Good morning students, staff and friends of St Francis Xavier College here at the Beaconsfield Campus. Thank you for your invitation to speak with you on your theme of courage.
I would like to pay my respects to the first inhabitants of this land and to their elders past, present and emerging. I am grateful for their stewardship which had blessed us with such a beautiful country to live in.
As far as I know there are very few descendants of those first inhabitants in our community. Therefore, the vast majority her today are descendants instead of migrants.
People who left their place of birth because of war, poverty, oppression, opportunity or love.
My own family left Ireland in the early 1860s because of poverty and oppression, looking for opportunity. Looking for peace. Their gift to me.
About the time I was born many, many men left Europe to build the Snowy River hydro power scheme. They brought with them skills this country lacked.
My best friend as a young boy was from Sri Lanka. His family suffered from prejudice in their own country as a minority.
My niece-by-marriage left Germany 10 years ago for love. Now with three children, I think she found it.
When I was your age I lived in an area that had a lot of Italian migrants. They left after WW2 leaving behind a country in a shambles as a result of that conflict. They came without money, language or, in many cases, education. They came looking for opportunities and with a great work ethic.
My wife lived in Monbulk. There she went to school with the children of migrants who had left Holland to escape poverty and the deprivation caused again by that war.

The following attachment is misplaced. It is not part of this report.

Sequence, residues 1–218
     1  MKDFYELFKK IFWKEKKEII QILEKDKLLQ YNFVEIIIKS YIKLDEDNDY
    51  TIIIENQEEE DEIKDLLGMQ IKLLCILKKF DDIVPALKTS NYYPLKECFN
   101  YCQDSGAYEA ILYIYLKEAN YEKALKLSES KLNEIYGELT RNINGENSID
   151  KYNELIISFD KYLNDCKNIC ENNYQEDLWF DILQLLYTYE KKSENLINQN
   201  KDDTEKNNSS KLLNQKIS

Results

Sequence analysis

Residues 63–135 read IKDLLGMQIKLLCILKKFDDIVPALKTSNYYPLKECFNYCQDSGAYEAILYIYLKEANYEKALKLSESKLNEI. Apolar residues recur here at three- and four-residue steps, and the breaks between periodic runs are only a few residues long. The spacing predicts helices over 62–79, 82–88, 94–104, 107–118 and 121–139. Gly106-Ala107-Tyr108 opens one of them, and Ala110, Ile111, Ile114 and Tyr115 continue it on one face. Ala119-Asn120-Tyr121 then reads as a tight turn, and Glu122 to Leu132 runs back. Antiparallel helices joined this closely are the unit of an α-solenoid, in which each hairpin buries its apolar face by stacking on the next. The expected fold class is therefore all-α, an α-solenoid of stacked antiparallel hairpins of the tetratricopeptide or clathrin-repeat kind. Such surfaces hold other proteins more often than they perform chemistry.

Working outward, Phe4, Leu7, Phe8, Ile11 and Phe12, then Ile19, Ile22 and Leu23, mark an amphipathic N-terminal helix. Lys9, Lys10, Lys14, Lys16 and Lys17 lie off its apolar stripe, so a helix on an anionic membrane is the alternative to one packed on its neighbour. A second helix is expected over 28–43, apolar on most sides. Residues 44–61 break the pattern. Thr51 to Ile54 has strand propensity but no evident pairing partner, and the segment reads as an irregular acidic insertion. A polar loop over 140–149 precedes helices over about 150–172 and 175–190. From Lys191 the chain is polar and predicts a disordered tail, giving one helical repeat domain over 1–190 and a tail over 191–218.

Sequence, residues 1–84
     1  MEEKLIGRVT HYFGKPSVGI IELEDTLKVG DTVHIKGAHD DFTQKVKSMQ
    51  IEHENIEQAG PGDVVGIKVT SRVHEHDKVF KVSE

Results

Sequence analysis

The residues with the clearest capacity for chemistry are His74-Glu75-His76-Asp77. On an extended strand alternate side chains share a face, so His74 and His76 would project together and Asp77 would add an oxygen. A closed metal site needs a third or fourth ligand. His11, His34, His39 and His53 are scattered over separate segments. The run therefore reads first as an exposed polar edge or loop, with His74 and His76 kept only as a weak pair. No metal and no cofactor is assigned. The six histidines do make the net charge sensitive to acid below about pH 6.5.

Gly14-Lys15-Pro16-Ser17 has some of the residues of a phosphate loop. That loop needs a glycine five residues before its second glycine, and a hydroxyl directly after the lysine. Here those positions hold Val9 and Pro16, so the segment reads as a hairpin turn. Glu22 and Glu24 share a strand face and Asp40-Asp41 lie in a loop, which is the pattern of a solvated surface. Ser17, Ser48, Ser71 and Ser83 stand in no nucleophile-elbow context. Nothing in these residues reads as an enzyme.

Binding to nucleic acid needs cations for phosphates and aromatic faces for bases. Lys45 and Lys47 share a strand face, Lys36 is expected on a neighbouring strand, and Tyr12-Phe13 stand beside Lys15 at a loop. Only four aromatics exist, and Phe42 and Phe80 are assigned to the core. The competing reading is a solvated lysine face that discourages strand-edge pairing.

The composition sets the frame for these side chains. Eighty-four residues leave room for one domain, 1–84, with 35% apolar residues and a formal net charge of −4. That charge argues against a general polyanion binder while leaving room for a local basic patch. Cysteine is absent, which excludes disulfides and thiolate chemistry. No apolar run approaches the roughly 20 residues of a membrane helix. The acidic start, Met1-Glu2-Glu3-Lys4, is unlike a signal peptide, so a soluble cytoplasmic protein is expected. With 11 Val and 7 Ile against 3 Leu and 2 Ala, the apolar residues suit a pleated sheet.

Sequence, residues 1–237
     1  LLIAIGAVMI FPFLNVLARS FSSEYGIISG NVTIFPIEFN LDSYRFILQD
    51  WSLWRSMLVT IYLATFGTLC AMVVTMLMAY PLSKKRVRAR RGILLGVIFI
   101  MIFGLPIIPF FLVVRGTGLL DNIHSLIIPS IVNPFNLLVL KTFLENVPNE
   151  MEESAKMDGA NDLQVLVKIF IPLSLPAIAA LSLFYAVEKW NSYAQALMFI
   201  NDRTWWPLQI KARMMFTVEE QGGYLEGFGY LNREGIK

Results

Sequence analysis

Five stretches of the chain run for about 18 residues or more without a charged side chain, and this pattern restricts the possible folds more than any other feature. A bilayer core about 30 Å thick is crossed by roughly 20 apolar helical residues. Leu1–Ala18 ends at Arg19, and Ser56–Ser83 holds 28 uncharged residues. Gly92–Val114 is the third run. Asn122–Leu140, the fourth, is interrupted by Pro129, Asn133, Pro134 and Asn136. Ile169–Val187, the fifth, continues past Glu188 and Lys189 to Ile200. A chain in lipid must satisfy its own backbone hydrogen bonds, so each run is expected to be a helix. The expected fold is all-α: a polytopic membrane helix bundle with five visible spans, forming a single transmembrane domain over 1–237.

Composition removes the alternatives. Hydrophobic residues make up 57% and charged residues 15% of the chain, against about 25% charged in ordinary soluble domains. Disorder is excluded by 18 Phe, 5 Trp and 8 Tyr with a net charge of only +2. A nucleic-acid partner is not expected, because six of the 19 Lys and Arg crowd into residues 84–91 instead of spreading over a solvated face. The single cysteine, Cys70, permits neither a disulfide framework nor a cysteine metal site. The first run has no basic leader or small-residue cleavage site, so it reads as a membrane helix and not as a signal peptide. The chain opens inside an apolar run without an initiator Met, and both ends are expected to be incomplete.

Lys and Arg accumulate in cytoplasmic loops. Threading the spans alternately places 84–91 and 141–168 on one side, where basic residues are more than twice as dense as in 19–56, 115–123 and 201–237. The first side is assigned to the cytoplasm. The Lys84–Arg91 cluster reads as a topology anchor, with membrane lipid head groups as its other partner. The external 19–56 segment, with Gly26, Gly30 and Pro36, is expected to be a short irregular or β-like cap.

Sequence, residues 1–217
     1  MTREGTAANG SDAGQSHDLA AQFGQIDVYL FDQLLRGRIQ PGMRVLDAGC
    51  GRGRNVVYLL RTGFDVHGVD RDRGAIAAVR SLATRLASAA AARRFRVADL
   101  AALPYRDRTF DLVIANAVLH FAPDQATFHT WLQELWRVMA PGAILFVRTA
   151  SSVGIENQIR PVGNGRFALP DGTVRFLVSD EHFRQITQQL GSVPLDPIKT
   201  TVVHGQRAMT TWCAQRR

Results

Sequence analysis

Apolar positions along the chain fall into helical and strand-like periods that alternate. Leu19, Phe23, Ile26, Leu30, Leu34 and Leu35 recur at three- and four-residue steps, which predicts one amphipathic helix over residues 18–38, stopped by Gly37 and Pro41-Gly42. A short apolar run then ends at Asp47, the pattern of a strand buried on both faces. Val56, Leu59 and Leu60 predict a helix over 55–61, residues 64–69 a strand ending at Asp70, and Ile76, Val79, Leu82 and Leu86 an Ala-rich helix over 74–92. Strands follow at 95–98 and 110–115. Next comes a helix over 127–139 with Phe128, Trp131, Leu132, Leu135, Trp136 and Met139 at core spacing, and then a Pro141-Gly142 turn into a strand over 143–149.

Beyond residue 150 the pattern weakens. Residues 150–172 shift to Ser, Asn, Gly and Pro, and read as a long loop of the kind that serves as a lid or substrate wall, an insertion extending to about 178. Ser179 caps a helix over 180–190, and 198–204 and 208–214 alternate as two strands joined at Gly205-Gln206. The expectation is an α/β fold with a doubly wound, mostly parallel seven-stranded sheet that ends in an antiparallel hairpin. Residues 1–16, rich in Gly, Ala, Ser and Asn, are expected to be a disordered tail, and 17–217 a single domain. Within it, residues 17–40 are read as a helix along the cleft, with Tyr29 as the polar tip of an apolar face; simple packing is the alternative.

Later during my university days many people had fled Vietnam. Again as a consequence of war. I worked with a Salesian priest who came here not much older than you. He had been arrested and imprisoned for being a Catholic. Tortured and in solitary confinement, he remembered his father’s plea. Spare nothing. Flee. Leave this land. After six failed attempts and some further stints in jail he made it to Australia in a boat. A boat trip on which he saw things he’d rather forget as pirates, rough seas and human nature not at its best each conspired to challenge him without relief.
Amongst this student body sit 15 students who are refugees from a number of war-torn countries. Their families have seen things we are fortunate enough to have avoided. Whilst there was some conflict in Northern Australia during World War II, this country has not been affected by war in anything like the same way that too many other countries have. And war makes your land unliveable.
Also amongst this student body sit other students and staff who were born in other countries and have left their land for many different reasons.
So, think about this. How hard would it be to leave the place you know, the place where you were born and come here? How many feelings of doubt, fear, uncertainty would you carry with you? How much hope would you hold that life would be better, not just for you, but for those who depend on you? How would it be to start up again with nothing?
And yet, all the groups I mentioned just from my own lifetime have made such a significant contribution to building this country; those men from Europe, the Sri Lankans, the Italians, the Dutch, the Vietnamese, the refugees and the many others. My list does not pretend to cover all groups.
Professional skills, culture, religion, food, fashion, arts, sport. All these contributions to our society.
But the one common characteristic that each shared was courage. Enormous courage. Bravery beyond anything that I have had to summon in my fortunate life.
So many of our students come from families that have stories that can both shock and inspire us.
Remember that when you meet, greet and share St Francis Xavier College life with those around you.